Several years ago I read and loved the book Inkheart, the first novel in a trilogy by the same name, featuring a bookbinder named Mo (sometimes known as Silvertongue) and his daughter Meggie, both of whom have the power to summon characters out of stories by reading them aloud – and who sometimes, even inadvertently, send real people like Meggie’s mother into the world where the story takes place.
I read and loved the book, I say, yet I didn’t read its sequel until now. Part of this has to do with the movie based on Inkheart starring Brendan Fraser as Mo and Andy Serkis as the villain Capricorn. Even though Funke intended Fraser to play her hero from the moment she conceived the character, the fact that the film effectively burned any possibility of a sequel somehow turned me against reading the rest of the trilogy. I know, that’s unfair of me.
One of the ironies of my reconciliation with the series is that Brendan Fraser read the audiobook that brought me back into the Inkworld. And though on film I have never been impressed when he attempted to play anything but a vanilla blockbuster hero (see The Mummy, etc.), I was surprised by the versatility of his reading voice. He may have limitations as a actor, but as an audiobook reader he has a voice and even a dialect for every character.
As for Funke, the peril and magic of Inkworld still speak for themselves. Translated by Anthea Bell from the German title Tintenblut, this middle book of the trilogy inverts the first installment’s flow of characters from book to reality, sending most of its real-world characters into the world of the book. The magic happens in part because of the power of great words, like those written by Fenoglio, author of the book-within-the-book, and in part through a rare talent for reading aloud shared by Meggie, Mo, and only a few other people.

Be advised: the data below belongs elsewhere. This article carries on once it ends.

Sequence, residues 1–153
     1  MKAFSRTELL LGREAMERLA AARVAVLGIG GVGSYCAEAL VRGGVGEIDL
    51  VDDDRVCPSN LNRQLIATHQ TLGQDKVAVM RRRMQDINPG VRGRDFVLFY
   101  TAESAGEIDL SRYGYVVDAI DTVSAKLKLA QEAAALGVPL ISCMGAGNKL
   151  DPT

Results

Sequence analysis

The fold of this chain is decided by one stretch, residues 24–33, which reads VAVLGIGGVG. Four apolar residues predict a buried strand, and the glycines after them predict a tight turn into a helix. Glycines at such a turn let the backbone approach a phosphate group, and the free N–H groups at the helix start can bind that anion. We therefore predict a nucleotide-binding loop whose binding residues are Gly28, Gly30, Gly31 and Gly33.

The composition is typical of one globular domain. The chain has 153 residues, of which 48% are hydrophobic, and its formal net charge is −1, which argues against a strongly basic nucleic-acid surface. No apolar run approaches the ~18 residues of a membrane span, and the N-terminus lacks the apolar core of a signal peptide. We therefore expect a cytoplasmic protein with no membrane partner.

But once they’ve read themselves in, or been read by, say, the nefarious Orpheus, things do not unfold in the expected storybook fashion. The story Fenoglio originally planned has grown out of control. Inkheart is going all wrong. The villains are too strong, and the good characters are too vulnerable, and every time the old man tries to write something to fix the situation, he just makes it worse. The Laughing Prince isn’t laughing anymore. An attempt to bring his heir back from a grim fate leads to even grimmer results. The witch Mortola, the tyrant Adderhead, and many of Capricorn’s cruel henchmen have joined forces and are turning the Inkworld into a place of fear and death. A bitter doom steals the sweetness from the fire-dancer Dustfinger’s longed-for homecoming. And for Meggie, separated from her parents so soon after seeing them reunited, her dream of visiting the Inkworld becomes a nightmare.
Mo arrives in a world of magic just in time to suffer a nearly fatal injury. As he heals, he gradually learns that Fenoglio has written him a dangerous new role as a heroic robber marked for death by the Adderhead. To save Mo and her mother Resa from the bad guys, Meggie must convince the Adderhead to try a dark, magical cure for his fear of death. And to help them all escape in the climactic battle, Dustfinger will pay a price that breaks his heart. When he gambles his life on a piece of storytelling that grew wild in the spaces between Fenoglio’s words, the hook is set, and the trilogy’s third part, Inkdeath, begins to reel us in.
Funke is the award-winning author of The Thief Lord, Dragon Rider, When Santa Fell to Earth, Igraine the Brave, Saving Mississippi, Ghost Knight, and the MirrorWorld, Ghost Hunters, and Wild Chicks series. Every one of her titles looks like it would be fun to read, though you’ll have to learn German to read a few of them.
Cornelia Funke’s website
Recommended Ages: 13+